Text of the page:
On a recent Tuesday morning trek into DC, we stumbled upon Albert Einstein near the National Academy of Science’s Headquarters.
Dedicated on April 22nd, 1979, and sculpted by Robert Berks, the memorial commemorates the centennial celebration of the famous scientist’s birth. Though everyone knows who Einstein is, we were more curious about the sculptor who brought him to life. It turns out that Berks is well-known for his likenesses of US presidents, Nobel Laureates, and celebrities. His trademark rough-hewn texture humanizes his subjects, something we found to be true for his sculpture of Einstein.
We took a closer look at Mr. Einstein. The bronze statue, weighing 4 tons and measuring 12 feet tall, is surprisingly approachable. Though we didn’t end up sitting in the lap of the genius, his grandfatherly, endearing look excited more than a few remarks on his elderly cuteness. He appears comfortable and relaxed, simply sitting down and ruminating peacefully. Lost in thought, oblivious to the book of accomplishments in his left hand, Einstein invites the visitor to reflect with him on the steps. Below his feet, a star chart replicates the night sky on the day the memorial was dedicated.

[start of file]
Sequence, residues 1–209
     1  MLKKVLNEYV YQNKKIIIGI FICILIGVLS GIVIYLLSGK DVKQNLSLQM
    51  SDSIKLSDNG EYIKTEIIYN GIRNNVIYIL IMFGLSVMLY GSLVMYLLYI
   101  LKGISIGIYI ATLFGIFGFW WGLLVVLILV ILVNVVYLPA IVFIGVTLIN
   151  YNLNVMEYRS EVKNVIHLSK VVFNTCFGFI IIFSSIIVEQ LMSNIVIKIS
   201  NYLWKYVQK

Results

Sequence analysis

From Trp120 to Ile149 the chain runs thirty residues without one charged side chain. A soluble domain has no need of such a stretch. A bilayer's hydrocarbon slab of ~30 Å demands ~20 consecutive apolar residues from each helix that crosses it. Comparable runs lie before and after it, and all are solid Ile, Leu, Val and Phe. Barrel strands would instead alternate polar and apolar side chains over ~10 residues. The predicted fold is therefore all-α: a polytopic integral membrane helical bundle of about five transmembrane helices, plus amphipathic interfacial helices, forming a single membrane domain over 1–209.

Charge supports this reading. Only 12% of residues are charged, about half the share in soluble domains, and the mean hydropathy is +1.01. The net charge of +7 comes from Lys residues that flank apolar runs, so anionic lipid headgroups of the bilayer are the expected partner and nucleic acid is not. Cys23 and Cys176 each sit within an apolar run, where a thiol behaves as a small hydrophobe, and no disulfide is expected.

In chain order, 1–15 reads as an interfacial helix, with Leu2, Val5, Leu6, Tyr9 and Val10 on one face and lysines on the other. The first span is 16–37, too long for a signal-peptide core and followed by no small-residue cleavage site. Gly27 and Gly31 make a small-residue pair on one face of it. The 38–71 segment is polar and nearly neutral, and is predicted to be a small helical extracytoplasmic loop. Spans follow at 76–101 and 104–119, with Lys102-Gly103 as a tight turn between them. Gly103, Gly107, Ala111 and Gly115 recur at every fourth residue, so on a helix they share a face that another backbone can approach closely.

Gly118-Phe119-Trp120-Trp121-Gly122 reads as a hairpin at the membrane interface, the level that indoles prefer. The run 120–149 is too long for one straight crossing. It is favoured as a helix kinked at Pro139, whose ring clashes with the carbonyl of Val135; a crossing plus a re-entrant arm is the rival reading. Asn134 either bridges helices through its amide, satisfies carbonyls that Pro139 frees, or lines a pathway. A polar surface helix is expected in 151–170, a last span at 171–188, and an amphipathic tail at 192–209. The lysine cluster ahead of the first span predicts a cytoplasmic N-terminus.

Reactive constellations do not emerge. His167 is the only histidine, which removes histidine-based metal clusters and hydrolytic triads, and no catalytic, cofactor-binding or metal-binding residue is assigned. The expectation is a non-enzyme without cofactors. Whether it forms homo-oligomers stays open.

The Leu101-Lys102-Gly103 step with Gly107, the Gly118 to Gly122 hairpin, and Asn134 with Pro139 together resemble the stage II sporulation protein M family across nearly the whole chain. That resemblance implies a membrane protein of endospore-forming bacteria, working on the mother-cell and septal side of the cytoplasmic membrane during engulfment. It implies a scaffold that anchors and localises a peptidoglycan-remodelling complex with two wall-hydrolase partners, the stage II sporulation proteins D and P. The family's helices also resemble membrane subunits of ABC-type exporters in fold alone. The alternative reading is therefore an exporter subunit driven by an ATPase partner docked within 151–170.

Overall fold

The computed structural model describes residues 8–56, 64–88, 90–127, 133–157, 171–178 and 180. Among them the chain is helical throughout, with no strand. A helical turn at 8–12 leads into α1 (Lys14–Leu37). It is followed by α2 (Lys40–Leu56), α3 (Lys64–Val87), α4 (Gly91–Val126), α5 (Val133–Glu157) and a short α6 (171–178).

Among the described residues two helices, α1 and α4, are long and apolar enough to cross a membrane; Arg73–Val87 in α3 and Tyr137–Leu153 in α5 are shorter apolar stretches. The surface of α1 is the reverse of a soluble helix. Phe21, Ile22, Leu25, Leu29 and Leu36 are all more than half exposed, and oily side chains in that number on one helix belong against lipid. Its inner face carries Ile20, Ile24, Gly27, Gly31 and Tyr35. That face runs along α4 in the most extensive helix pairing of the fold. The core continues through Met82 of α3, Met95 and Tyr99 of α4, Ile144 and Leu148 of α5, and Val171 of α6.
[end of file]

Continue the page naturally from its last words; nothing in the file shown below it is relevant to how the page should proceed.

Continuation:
Curiosity drove us to further research back at home. Though we had known that Einstein lived in the US for a significant amount of time, we were surprised to discover just how deep his loyalty to the country lay. It turns out that besides helping America develop the first atomic bomb during World War II, he also hand-wrote a copy of his theory on special relativity and auctioned it off to support the war effort, raising an astounding 6 million dollars. This gives more context to one of his quotes inscribed on the memorial: “As long as I have any choice in the matter, I shall live only in a country where civil liberty, tolerance, and equality of all citizens before the law prevail.”
Guest Bloggers: Amanda, Emily, and Mari